Ted Simons:
Wasn't it looked at a few years ago as well?

Howard Fischer:
It was. After it was first approved, the same group of plaintiffs challenged.

Ted Simons:
Who were the plaintiffs?

Howard Fischer:
The Mexican-American educational fund and the Navajo nation and a few tribes. All said that these laws affect their rights to vote because you got into the issue of, for example, if you need to have a driver's license, either to prove citizenship or I.D. at the polls, you can't get that for free. They said it amounted to a poll tax. They had a series of challenges. When they went to the ninth circuit before and said, look, we want this law enjoined while we litigate it. The ninth circuit said we read the national voter registration act to say, yes, there's a federal standard but read it as allowing states to do anything else they need do to ensure the integrity of elections.
Therefore, we think the state can additionally require citizenship. Judge Ikuta acknowledged the ruling, and said, quote, they got it wrong and, therefore, we think we can overturn that three-judge panel.

Ted Simons:
You refer to the de facto poll tax. The three-judge panel didn't buy that and said that voter I.D. at the poll, when you go to vote, I.D., that's ok as well.

Howard Fischer:
That gets into a whole other set of laws including the voter rights act and brings us back to where we started. Which is voting law in this country is so convoluted because congress set out certain standards. The question is are they minimum standards or limits on what the states can do.

Ted Simons:
They may be convoluted but I think the bottom line is congress put these things in place and states as we seem to have every case, involving Arizona, states are messing around with them.
Howard Fischer:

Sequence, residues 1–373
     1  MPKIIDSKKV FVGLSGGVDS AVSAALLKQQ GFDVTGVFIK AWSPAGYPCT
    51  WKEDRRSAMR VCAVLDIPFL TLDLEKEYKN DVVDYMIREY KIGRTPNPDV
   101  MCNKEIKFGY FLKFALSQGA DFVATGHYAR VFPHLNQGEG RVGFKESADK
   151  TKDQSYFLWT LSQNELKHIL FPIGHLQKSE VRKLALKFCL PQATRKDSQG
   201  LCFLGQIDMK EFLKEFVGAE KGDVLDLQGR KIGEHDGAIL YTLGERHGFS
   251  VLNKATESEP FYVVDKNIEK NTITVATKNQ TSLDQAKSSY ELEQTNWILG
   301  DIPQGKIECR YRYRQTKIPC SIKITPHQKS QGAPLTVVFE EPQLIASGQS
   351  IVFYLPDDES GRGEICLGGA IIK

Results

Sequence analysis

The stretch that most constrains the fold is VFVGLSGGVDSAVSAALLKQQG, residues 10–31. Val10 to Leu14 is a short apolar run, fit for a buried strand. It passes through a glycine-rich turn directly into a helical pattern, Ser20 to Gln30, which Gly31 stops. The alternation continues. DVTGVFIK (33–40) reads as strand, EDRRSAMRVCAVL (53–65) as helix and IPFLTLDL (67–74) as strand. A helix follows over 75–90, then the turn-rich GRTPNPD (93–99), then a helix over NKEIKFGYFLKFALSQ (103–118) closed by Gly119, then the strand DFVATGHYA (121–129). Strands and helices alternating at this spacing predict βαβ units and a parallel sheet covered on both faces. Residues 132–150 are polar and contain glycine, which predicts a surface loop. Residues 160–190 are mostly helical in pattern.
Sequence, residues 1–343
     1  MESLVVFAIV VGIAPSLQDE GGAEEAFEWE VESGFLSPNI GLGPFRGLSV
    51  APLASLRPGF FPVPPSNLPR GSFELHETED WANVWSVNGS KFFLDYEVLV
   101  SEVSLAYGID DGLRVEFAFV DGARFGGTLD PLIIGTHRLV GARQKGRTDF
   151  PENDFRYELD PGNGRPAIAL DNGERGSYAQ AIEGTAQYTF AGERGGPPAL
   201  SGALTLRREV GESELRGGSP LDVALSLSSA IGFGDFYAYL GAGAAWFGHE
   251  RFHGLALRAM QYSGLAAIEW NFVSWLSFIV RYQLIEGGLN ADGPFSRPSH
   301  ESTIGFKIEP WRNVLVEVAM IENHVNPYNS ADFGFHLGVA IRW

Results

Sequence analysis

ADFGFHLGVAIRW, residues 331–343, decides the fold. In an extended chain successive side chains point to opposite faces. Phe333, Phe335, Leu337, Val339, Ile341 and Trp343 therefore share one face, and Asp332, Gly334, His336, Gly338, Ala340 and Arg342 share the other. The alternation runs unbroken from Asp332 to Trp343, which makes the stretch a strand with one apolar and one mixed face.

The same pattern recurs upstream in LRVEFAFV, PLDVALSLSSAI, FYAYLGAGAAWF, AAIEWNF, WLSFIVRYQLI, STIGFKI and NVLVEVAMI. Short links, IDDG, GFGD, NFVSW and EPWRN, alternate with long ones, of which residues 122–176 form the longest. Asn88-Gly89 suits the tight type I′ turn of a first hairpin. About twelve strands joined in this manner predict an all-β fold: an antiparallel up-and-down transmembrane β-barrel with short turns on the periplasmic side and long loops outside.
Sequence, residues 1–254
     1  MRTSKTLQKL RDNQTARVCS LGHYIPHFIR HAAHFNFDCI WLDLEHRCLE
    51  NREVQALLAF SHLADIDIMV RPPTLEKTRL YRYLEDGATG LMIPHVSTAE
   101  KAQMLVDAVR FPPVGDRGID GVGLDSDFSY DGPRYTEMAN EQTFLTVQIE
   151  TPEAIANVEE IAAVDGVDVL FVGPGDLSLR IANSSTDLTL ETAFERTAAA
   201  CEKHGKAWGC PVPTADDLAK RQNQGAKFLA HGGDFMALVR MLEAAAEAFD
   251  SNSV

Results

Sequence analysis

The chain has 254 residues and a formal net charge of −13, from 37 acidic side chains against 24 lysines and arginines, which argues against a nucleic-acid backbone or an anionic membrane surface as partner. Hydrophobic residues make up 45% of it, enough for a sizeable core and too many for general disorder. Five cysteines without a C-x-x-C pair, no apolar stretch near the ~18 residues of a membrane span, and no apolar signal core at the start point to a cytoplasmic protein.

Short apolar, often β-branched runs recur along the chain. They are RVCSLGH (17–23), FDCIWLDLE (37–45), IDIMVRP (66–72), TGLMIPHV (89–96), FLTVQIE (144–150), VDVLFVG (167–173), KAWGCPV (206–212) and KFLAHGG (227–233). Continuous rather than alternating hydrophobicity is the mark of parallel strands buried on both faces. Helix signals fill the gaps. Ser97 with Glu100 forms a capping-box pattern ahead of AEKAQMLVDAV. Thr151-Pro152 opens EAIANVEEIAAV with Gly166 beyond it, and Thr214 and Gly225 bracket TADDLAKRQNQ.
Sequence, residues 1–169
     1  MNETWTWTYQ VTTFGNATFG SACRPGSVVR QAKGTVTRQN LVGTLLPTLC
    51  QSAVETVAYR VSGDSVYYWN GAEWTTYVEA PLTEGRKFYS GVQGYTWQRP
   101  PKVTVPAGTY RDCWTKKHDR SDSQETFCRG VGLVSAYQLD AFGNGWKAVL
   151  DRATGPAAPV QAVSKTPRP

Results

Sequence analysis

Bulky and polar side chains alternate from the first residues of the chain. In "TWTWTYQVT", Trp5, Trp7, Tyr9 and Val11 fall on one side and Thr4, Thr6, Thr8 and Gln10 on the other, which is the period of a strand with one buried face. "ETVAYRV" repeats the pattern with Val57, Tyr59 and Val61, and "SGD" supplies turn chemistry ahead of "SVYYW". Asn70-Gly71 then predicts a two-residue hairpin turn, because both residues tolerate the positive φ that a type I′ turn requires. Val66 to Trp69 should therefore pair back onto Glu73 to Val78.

And that becomes an interesting issue just ahead of Monday's hearing in San Francisco, this is another one of the fights over state eight rights. The ability of states to protect the integrity of their own elections versus the right of the federal government to set standards and decide we have preempted this field. Whether it's immigration in the case of Senate Bill 1070 or the question of voting.

Ted Simons:
Was it a surprise that justice O'Connor saw this the way it T she it.

Howard Fischer:
She was often the swing vote on the high court. Since she simply signed on to the judge's opinion, it's hard to know what was going through her mind. But clearly, she didn't mind they were overruling an earlier ninth circuit decision and clearly believed that the federal national voting registration act does preempt the states from doing something. It's her home state and she has interest in it.

Ted Simons:
What's next?

Howard Fischer:
The state will go ahead and ask the full ninth circuit to review it and obviously, if they refuse to overturn, then it goes to the U.S. Supreme Court, like so many other cases.

Ted Simons:
Howie, good to see you, thanks for joining us.

Howard Fischer:
You're welcome.